When Brittany Ellis walks into chemistry class on the first day of senior year, she has no clue that her carefully created “perfect” life is about to unravel before her eyes. Forced to be lab partners with Alex Fuentes, a gang member from the other side of town, Brittany finds herself having to protect everything she’s worked so hard for – her flawless reputation, her relationship with her boyfriend and, most importantly, the secret that her home life is anything but perfect. Alex is a bad boy and he knows it. So when he makes a bet with his friends to lure Brittany into his life, he thinks nothing of it. But the closer Alex and Brittany get to each other the more they realise that sometimes appearances can be deceptive and that you have to look beneath the surface to discover the truth.
I love, love, love a book with a good bad-boy character, and Alex Fuentes in this book is one of my favourites. I read this book first a couple of years ago, and remember absolutely loving it. Now I’ve got exams on, I thought I’d reread a couple of books I’ve already read, so I’m not totally distracted from revision by wanting to know desperately what’s going to happen next. And one of the books I brought back to uni with me for revision season was Perfect Chemistry.
This is one of those books that’s an easy read, because the story is so gripping and the chapters are fairly short – so it was ideal for me to pick up and read a chapter or two between making revision posters about forced harmonic oscillations and the forces acting in a transverse wave along a string.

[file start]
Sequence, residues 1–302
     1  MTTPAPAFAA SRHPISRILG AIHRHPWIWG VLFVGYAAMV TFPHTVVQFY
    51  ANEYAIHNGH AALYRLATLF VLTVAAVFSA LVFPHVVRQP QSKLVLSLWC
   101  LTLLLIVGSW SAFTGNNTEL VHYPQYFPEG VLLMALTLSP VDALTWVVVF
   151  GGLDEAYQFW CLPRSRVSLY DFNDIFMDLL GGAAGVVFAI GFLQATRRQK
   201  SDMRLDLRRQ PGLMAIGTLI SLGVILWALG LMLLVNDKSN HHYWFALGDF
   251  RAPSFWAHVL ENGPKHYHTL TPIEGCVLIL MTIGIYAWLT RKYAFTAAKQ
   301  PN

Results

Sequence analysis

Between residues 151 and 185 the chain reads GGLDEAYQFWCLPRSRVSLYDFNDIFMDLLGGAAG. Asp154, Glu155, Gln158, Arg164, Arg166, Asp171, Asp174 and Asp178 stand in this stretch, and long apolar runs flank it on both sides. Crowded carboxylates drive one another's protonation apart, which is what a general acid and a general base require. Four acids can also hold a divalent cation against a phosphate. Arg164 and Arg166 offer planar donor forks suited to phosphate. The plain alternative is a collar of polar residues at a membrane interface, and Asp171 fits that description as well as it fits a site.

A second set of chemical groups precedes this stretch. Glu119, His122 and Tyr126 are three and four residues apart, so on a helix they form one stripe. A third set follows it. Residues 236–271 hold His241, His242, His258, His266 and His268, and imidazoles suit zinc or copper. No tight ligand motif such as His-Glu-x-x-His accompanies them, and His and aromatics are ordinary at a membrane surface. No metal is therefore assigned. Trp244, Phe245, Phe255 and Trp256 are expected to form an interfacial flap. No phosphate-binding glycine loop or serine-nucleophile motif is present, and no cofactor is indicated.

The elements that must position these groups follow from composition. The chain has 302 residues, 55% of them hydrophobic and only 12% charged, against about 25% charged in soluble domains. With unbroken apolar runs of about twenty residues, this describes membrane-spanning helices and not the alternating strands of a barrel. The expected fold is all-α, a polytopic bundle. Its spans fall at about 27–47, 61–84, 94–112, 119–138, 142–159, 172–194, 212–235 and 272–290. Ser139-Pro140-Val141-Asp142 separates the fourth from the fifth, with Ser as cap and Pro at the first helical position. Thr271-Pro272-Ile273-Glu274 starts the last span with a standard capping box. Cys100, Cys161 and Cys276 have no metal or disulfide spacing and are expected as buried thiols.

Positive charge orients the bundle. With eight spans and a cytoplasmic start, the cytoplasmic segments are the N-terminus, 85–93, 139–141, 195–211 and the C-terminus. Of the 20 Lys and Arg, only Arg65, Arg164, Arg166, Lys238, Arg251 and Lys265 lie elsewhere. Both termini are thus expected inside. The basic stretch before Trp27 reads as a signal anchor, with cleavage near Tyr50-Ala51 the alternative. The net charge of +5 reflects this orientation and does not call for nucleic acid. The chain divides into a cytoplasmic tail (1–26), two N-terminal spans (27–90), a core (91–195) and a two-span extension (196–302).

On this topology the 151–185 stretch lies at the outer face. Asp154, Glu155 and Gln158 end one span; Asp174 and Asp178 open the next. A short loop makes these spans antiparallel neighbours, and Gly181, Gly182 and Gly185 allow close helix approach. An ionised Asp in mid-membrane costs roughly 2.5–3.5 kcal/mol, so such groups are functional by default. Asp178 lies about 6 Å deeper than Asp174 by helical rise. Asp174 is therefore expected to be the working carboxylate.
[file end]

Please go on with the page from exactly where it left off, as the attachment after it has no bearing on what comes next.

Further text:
The chapters switch between Alex’s and Brittany’s points of view, which is something I’m usually not a big fan of, but it worked brilliantly here. It gave such a good insight into both characters, especially when they both hide a big part of their home lives from the rest of the world.
Alex is a gang member who dreams of going to college someday, but he knows that’s never going to happen because, you know, he’s in a gang. Brittany’s sister is disabled and needs constant care, so she’s planning to go to a college where she can be near her sister.
What I love about this book is that neither character is especially stereotypical of how they first come across, neither is predictable, and they’re both so fascinating to read about. Being so different, they both resist their growing feelings for each other, and they both hide behind the facade they show to the rest of the world.
And the storyline isn’t clichéd and predictable, either. Even though I knew what was coming from having read it before, I was still shocked and surprised at a few twists and turns the story took.
I’d definitely recommend this one for those of you who love a good YA romance – and I’ve only just found that this one is part of a series, with another two books following the stories of Alex’s two younger brothers, so I’m definitely looking forward to reading those over the summer!